ARLINGTON - A breakthrough discovery in fluorescent biomaterials can more efficiently deliver medicine to cancerous areas of the body, build temporary stents in arteries and even regenerate tissue, a research team from The University of Texas at Arlington and The University of Texas Southwestern Medical Center has found.
The National Institutes of Health has awarded Dr. Yang's team with funding for $406,218 during the next two years.
The team, led by Dr. Jian Yang of the UT Arlington bioengineering department, has developed fluorescent biopolymers that use small, non-toxic molecules such as citric acid to illuminate cancerous regions and deliver needed drugs to the body. The polymers also function as implant materials and are biodegradable, so they eventually dissipate naturally, Yang said.
The findings have been published in the prestigious Proceedings of the National Academy of Sciences and have "spectacular implications for biomedicine," said Dr. Ralph Mason, professor radiology and director of the UT Southwestern Cancer Imaging Center. Mason is the author of the recent PNAS paper.
Dr. Mason said the quantum dot nanoparticle technology currently used to deliver cancer drugs promised a revolution in imaging but "has suffered from potential heavy metal toxicity." The new organic polymers promise efficacy without the problems, he said.
Researchers already can send fluorescent imaging agents along with drugs to specific parts of the body. But those agents are toxic or the fluorescence deteriorates, Dr. Yang said.
"This is exciting because we use small molecules like citric acid that can be found in human bodies and also in beverages in our daily life to make the totally degradable polymers for drug and luminescence delivery," Dr. Yang said. "These new materials build a solid foundation for many biomedical applications."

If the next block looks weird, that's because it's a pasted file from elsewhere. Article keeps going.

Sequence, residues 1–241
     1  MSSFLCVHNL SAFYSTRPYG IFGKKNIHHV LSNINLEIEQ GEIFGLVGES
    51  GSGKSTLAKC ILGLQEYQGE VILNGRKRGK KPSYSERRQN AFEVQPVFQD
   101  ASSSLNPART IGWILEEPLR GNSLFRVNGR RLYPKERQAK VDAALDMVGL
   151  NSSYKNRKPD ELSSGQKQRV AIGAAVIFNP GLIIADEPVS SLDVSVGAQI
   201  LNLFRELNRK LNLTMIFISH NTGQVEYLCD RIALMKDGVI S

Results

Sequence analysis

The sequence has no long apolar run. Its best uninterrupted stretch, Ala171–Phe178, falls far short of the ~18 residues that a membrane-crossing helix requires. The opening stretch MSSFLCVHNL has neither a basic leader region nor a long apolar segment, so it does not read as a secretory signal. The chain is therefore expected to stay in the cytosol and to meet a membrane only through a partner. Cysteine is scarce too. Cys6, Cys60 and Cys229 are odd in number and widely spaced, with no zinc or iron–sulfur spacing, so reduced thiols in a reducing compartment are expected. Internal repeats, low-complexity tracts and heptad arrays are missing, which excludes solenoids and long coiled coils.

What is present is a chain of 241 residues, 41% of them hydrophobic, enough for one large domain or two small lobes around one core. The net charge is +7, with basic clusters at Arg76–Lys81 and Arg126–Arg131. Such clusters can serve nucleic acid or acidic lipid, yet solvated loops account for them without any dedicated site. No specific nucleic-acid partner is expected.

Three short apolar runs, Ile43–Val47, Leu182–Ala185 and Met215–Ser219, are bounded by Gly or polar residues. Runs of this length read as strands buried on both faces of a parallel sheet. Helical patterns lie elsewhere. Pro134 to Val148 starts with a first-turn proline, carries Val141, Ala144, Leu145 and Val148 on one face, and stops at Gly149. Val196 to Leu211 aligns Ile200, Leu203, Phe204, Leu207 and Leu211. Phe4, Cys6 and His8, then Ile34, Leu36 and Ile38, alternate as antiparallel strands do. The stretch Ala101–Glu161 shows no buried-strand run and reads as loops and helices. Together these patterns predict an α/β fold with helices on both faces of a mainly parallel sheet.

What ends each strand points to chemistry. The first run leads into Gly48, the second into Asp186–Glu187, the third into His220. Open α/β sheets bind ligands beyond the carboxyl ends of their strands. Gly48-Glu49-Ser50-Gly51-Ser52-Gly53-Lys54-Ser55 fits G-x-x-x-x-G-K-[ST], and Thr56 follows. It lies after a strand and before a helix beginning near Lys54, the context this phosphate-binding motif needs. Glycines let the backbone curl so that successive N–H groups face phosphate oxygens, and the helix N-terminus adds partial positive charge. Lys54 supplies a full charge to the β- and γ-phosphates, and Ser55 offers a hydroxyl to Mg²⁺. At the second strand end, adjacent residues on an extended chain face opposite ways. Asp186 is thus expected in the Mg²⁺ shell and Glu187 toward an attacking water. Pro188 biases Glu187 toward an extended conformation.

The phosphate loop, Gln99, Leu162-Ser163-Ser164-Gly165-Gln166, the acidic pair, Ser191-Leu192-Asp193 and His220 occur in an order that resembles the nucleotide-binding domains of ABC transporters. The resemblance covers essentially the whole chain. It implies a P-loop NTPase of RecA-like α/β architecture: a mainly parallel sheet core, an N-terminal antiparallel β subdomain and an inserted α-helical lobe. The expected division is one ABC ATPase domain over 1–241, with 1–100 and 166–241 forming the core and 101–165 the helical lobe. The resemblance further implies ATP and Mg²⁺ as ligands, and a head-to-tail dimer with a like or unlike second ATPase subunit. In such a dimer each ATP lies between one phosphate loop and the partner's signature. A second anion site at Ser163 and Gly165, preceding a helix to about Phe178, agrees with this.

Dr. Yang offered two applications. A cancer patient, for example, could be injected with this biodegradable, luminescent material that would identify the cancerous cells. The material also could contain drugs that would be released to treat the infected region of the body.
The biodegradable, luminescent material also could be used to remedy clogged or closed arteries, Dr. Yang said. It could be used to form a drug-loaded stent that would open up the artery much like current surgery provides. Once the artery was opened, the material would dissolve, leaving a healthy artery in its place.
UT Southwestern supported the team's work through high-tech imaging resources which are used to evaluate new materials, Dr. Mason said.
"This study emphasizes the extraordinary potential of the joint program in bioengineering between UT Arlington and UT Southwestern," he said.
Other members of Dr. Yang's interdisciplinary team include: Drs. Liping Tang from bioengineering, Kevin A. Schug of chemistry and biochemistry and Wei Chen of physics at UT Arlington, Drs. Li Liu and Mason of radiology at UT Southwestern, and graduate students Yi Zhang, Santosh Gautam, Jagannath Dey, and undergraduate student Carlos Serrano at UT Arlington.
Visit www.uta.edu/bioengineering for more information about UT Arlington's bioengineering department and the partnership with UT Southwestern.
The University of Texas at Arlington is an Equal Opportunity and Affirmative Action employer.